When she leaves, he tells me about their friendship that is past 40 years old. “She is my good friend,” he says. “I have had children with other women, you know, as a youth…but there is no single night I have not slept in this house with my wife,” he explains.
A humble simple person
He goes on and on and after two hours of light conversation he says, “Hope you were clever enough to record. That’s good enough.” I talk about the respect I have for him and why I would not employ underhand methods to get a story from a man of his stature.
“Okay, I will give you an interview some other day, may be tomorrow,” he says, making me smile. The next morning, at 8am I walk into his gates like I am no longer a visitor anymore. Ms Bidandi welcomes me like a mother happy to see their son. I later on learn from her tales that she picked this from her mother and carried it on, raising other children like they were her own.
When I settle down to finally interview Bidandi Ssali, I ask him to describe who he is. The retired politician says, “I don’t know my character. People say I am a kind, social, simple, humble person and others say the opposite.”
I find this a sign of humility and diligence, one of the few politicians whose career, which spans more than 50 years, is not stained by corruption or scandals. The former presidential aspirant who was born on July 17, 1937 says his work has always been about doing his duty for the people.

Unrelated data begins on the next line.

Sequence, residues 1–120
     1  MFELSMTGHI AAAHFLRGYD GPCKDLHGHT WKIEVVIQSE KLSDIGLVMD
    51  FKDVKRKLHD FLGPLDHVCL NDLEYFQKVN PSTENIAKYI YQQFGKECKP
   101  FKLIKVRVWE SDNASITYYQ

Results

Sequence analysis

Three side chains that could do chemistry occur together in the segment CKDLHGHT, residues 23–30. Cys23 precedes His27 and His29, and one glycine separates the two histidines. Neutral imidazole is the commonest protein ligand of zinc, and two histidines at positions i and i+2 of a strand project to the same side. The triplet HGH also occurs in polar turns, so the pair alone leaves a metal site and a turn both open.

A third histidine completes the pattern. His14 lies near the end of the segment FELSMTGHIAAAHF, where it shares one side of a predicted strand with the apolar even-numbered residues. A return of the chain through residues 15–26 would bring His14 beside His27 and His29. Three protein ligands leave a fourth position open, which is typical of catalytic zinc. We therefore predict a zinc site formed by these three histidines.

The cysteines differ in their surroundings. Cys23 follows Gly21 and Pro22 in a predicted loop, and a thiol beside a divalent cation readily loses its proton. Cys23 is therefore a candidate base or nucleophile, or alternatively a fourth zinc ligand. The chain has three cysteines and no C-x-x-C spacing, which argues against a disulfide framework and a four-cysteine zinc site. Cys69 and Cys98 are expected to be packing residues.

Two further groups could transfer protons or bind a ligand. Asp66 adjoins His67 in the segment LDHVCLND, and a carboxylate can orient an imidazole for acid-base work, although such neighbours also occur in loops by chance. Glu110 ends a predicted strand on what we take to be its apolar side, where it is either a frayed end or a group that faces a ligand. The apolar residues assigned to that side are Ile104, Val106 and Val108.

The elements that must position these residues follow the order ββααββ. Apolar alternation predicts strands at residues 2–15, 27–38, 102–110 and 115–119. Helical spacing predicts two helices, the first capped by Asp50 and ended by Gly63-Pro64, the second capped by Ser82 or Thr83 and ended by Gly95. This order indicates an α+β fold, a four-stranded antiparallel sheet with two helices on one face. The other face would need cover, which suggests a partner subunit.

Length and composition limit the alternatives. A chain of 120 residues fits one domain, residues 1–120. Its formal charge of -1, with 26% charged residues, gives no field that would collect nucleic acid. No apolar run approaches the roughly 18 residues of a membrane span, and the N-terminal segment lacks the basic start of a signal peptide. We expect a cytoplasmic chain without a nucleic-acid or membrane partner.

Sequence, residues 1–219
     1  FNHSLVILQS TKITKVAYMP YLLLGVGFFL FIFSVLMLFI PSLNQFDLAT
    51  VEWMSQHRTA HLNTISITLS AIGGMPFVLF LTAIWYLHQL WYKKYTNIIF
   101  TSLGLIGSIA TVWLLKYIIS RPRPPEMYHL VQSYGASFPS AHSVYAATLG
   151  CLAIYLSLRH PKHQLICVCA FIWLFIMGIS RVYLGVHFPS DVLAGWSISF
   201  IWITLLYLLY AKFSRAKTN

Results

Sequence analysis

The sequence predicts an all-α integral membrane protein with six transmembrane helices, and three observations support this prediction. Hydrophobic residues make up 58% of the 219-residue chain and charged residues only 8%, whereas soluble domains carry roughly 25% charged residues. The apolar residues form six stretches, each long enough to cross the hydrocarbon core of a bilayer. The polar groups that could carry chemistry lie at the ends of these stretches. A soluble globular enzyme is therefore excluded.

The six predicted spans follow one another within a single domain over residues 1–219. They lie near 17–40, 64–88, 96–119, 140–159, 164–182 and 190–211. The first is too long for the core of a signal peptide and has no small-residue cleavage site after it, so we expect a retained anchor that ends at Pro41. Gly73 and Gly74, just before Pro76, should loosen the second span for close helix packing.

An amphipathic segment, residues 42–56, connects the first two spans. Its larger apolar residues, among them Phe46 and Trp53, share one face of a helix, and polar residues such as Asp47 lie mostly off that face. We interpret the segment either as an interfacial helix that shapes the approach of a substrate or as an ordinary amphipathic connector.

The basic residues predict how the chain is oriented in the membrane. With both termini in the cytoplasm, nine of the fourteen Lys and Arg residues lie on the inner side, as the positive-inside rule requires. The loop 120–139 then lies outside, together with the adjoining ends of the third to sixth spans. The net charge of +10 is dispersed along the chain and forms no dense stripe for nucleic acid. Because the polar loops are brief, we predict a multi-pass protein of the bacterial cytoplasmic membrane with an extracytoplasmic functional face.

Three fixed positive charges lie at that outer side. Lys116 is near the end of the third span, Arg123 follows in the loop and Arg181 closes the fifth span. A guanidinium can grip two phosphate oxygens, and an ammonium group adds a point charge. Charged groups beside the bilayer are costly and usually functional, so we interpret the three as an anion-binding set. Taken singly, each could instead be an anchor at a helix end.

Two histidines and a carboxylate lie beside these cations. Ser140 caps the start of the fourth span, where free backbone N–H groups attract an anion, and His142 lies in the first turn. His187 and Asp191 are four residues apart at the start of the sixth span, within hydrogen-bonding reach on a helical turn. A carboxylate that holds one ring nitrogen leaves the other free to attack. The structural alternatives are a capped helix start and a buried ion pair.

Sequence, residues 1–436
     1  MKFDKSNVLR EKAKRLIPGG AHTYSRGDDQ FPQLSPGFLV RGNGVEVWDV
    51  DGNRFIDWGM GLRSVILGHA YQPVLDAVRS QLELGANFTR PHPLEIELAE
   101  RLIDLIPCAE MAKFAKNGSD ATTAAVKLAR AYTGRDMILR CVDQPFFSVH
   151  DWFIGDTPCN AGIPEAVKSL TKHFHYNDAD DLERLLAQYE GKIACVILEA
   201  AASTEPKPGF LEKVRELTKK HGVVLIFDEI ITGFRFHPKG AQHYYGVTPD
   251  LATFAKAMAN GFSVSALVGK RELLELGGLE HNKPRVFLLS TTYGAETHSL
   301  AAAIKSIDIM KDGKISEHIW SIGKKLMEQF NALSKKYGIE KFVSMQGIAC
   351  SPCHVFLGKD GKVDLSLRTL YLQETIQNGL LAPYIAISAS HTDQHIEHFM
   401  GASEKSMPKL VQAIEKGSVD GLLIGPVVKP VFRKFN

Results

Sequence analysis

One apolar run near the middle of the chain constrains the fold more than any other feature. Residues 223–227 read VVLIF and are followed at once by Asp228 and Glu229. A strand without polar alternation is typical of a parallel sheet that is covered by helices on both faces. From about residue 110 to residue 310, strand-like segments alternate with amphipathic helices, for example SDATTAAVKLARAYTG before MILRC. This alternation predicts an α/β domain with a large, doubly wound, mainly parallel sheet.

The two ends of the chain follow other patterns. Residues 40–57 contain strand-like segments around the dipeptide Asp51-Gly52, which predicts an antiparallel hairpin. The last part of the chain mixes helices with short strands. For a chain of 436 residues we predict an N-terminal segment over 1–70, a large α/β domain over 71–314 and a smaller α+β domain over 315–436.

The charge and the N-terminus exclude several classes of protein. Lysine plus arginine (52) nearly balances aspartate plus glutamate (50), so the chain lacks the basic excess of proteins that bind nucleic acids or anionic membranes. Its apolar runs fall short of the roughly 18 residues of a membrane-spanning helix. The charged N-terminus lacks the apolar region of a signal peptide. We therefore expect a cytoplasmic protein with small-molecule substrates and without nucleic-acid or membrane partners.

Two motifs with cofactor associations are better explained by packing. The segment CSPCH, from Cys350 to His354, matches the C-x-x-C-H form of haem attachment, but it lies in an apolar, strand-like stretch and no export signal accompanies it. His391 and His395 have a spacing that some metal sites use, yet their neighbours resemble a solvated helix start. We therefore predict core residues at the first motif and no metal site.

“To me it was all about serving the people and having the public’s interest at heart,” he says before sharing a story, among many, of individuals who tried to bribe him. “In the 1970s, we had a scarcity of soap and as trade minister, I had to look for ways of solving the problem, so I managed to find a trader who could actually manufacture the soap. He was so delighted that he sent someone with a box of money. I was shocked,” he recounts.
He kept the box, invited the trader, the person he had sent to take him the money, the prime minister at the time and the headmaster of Bukoto Muslim Primary School.
“I narrated to the prime minister what had happed and asked the trader to pass on the box of money to the headmaster so that they could build a new block for the school. The trader did so but he was shocked,” he narrates, with simplicity.
Like that, he has been able to serve in different governments, right from the pre-independence era when he started his active political career.
But Bidandi’s political journey began while he was in high school, at Nyakasura School. “I was a leader and held leadership roles like being a librarian and house head boy,” he recounts.
He says it was at university in Pakistan that he actually developed the interest in politics, which was the time when the African continent was boiling. He happened to be a general secretary then later on president of African students in Pakistan.
“When we combined an association of Africans with that of Indians, I became a vice president of the indopark. That interaction began following the politics of the African continent, and of course, that of Uganda. We held a conference about the independence of Uganda in London,” he explains.
Joining politics in Uganda
This triggered the struggle of the African National Congress (ANC). This was the late 1950s and trickled down into the early 1960s. “I came back to Uganda in early 1962. When I and Kintu Musoke and Kirunda decided to join politics locally, we joined Uganda People’s Congress (UPC). I soon become assistant organising secretary for Buganda,” he narrates.